The first thing I saw at O Comic Con last year was a corgi in a Wonder Woman costume. The tiny dog looked proud, its back legs sticking out of a bright blue skirt. (Was that a corgi-sized plastic sword on its hip?)
A strong start.
This weekend, a menagerie of Trekkies, furries, otherkin, cosplayers, pixel artists, dungeon masters, Draculas and Crab People will again descend on the Mid-America Center in Council Bluffs. The fourth-annual Omaha comic convention is on. Oh, there might even be some comic collectors there, too.
I met Wonder Corgi outside in the parking lot (there’s free parking by the way). If you’re brave enough to venture inside, prepare for a strange experience. A flock of Spidermans over here, a gaggle of Master Chiefs over there. Is that a hip-hop Stormtrooper rocking red Adidas and a ghetto blaster instead of a laser blaster? It sure is.
Here’s the cool stuff you shouldn’t miss at O Comic Con this year:
According to event coordinator Matthew Fujan, the corgis are back. There’s Cuddle a Corgi (9:30 a.m., Sunday), and an accompanying toy drive for Muddy Paws, an Omaha dog rescue shelter. “There could be as many as 30 corgis there,” Fujan said.
Klingon Jeopardy (1 p.m., Saturday) is not only open to Klingons, but also humans with a passable knowledge of the ancient Bat’leth. For real "Star Trek" scholars, there’s Klingon Language (1 p.m., Sunday) as well. Most useful phrase: “nuqDaq ‘oH puchpa’’e’ʔ” roughly translated — “Where's the bathroom?”
For the fur-curious, Furry 101 (Friday, 4 p.m.) will teach you everything you need to know about this fascinating subculture of people who dress up as furry animal characters. Take the next step toward your very own Fursona with Fursuit Construction (noon Saturday). No yiffing though guys. C’mon.
While the puppy cosplay is cute, the real draw will be costumes of the human variety.
The O Comic Con Official Costume Contest (6 p.m., Saturday) is always a centerpiece for craftsmanship and creativity. Elaborate costumes have become a fixture of geek fandom, particularly among those who frequent the vibrant convention scene. There are even professional cosplayers who make dressing up as their favorite characters into a lucrative career.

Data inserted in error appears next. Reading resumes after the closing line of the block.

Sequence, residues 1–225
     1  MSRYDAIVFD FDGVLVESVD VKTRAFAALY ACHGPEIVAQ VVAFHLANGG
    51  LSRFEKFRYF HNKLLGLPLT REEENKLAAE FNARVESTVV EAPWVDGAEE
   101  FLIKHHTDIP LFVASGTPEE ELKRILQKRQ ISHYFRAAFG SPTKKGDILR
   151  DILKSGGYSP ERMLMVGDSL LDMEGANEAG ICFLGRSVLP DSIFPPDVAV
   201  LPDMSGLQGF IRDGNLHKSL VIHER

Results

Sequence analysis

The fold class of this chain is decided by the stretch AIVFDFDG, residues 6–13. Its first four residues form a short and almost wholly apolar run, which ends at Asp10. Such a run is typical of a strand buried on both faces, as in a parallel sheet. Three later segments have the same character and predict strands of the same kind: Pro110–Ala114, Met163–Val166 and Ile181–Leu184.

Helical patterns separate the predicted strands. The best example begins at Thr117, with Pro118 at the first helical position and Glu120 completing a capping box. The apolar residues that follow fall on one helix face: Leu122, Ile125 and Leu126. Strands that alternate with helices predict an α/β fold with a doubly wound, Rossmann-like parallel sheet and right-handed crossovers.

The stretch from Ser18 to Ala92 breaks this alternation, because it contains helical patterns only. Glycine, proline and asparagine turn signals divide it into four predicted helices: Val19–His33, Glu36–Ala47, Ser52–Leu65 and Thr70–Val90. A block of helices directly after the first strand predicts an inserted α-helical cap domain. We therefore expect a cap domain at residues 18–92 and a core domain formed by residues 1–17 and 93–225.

According to Rebekah Burchfield, another event coordinator, cosplay has become a source of shared camaraderie and nostalgia. “We are the kids who grew up with all of the cool toys in the '80s,” she said. “Now, we have families of our own, but those stories we learned as kids they remain an integral part of how we understand the world. We all have to grow up, but we don’t have to get boring."
Here’s a question — where else can you get a selfie with both Randy Jones (the cowboy from the Village People) AND Daniel Logan (Boba Fett from "Star Wars") on the same day?
“We spend a lot of time looking for guests that are different and unique. You’re not going to find the people coming to our our show that you’ve seen at other shows,” Fujan said.
Check out ocomiccon.com for a full guest list and schedule. Personally, I’ll be tracking down Roscoe Orman (Gordon from Sesame Street) and trying not to cry as I thank him for teaching me the alphabet.
Yeah, I know. Wrestling? Sure, it’s not something you usually see at a comic-con. But event coordinator Fujan thinks wrestling and comics are a natural fit. Heroes? Check. Villians? Check. Elaborate story arcs full of pathos? Check, check and check.
Maybe that’s why PWP Pro Wrestling Live (various times, all three days) has become a con favorite. For the first time this year, wrestlers will be duking it out for the official O-Comic Con Pop Culture Championship Belt. “How is a giant wrestling belt part of my job?” Burchfield wondered aloud. “It’s so awesome.”
Last year my buddy and I grabbed a beer — yes, they sell beer — before a panel titled “RPG Worldbuilding.” We had recently rediscovered Dungeons and Dragons, and were eager to pick up a few pro tips. However, it soon became clear that the moderator of the session had not shown up.
“Perhaps there was a scheduling mix up!” a Dumbledore theorized. After a few minutes of confusion, an enthusiastic young attendee stood up, took the mic and led a discussion on the importance of fictional map making. Natural 20 on initiative for that guy.
This is the kind of participatory spirit organizers hope to foster again this year. “What makes Omaha Comic Con special is that everyone there cares so much about it.” Fujan said. “We’ve worked hard to be something different.”
For many Nebraskans, this weekend will be the one time all year they can dress up, nerd out, and truly let that freak flag fly.
Seriously though, no yiffing. This a family event.